Startup challenges ISP market status quo

Startup challenges ISP market status quo

Internet service providers (ISP) that own their own infrastructure will finish ahead of their business competitors due to the ability to provide cheaper and better quality services, a new ISP claimed yesterday.

Enet21, a five week old Virtual Internet Service Provider (VISP), claims the outright ownership of its infrastructure has allowed it to avoid the costs usually associated with being a middle-man between the user and a carrier, allowing it to pass on the savings to its customers.

"By owning our equipment and housing it on the carrier's premises, we enable Enet21 customers to dial direct to the carrier thus enabling us to charge less for the service, " explained Enet21's managing director, Julian Carter.

The company claims to have achieved instant success among corporate and government clients by providing "high quality Internet access" cheaper than its carrier -

According to Carter, Enet 21 charges users $900 a month for unlimited access and unlimited traffic. By comparison, users pay $1000 for the same service, while ISPs using's infrastructure are likely to pay even more.

Carter believes "third-party" arrangements often result in users experiencing drop offs, busy signals and slow connections giving those who own their infrastructure an additional advantage.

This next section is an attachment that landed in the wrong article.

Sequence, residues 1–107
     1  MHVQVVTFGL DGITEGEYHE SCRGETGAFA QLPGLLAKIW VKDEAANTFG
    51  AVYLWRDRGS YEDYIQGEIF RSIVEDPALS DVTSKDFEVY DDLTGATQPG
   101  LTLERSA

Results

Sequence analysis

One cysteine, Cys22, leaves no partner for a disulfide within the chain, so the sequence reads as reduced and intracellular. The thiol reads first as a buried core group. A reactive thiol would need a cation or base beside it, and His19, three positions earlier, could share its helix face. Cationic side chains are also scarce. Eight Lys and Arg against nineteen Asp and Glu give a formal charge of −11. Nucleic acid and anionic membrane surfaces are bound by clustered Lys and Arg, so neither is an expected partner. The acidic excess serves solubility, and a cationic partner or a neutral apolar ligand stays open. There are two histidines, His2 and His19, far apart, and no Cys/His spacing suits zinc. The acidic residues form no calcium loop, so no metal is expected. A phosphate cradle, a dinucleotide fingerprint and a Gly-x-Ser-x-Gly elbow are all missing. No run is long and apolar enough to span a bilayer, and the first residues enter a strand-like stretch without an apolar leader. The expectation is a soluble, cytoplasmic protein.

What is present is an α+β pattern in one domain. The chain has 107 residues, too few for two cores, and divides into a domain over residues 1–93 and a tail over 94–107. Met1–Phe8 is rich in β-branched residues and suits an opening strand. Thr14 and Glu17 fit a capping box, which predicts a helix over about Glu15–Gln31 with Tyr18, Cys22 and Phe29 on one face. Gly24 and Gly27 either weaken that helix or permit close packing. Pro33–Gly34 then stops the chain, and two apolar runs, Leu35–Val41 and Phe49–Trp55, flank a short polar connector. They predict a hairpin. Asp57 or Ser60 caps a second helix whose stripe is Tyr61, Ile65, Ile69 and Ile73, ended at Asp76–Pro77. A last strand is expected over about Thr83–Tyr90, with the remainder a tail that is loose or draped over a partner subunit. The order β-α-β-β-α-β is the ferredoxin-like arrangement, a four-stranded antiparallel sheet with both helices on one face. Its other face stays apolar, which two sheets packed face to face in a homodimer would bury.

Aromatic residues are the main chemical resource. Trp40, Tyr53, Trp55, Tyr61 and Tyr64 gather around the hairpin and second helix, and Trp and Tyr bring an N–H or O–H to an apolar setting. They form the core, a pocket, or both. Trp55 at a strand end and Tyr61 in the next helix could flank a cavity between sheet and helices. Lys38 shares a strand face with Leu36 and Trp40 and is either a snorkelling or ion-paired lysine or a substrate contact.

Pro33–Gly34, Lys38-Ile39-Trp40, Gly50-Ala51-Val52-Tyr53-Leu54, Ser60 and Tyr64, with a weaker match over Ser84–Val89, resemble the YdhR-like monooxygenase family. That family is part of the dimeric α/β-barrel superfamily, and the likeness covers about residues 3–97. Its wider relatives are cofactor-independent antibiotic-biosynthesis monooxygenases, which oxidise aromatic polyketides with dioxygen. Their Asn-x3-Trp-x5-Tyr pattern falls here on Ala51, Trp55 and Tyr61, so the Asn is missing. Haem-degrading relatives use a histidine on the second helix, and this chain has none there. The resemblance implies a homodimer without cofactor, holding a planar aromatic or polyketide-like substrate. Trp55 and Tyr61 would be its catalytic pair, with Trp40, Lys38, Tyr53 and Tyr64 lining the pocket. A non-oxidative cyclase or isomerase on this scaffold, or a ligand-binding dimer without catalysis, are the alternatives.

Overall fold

"Our ratio of users to the modem is around 7 - 10 users to one modem whereas the smaller ISP's have a higher ratio adding to the level of drop offs and slow connections," Carter explained. "We keep our ratio down to 7:1 and that ensures a quality service."

But despite potential savings, the majority of approximately 650 ISPs in Australia still provide services to customers by leasing equipment and lines from carriers.

However, industry analysts predict the advantages of infrastructure ownership and customer demand will drive more ISPs towards the VISP model.

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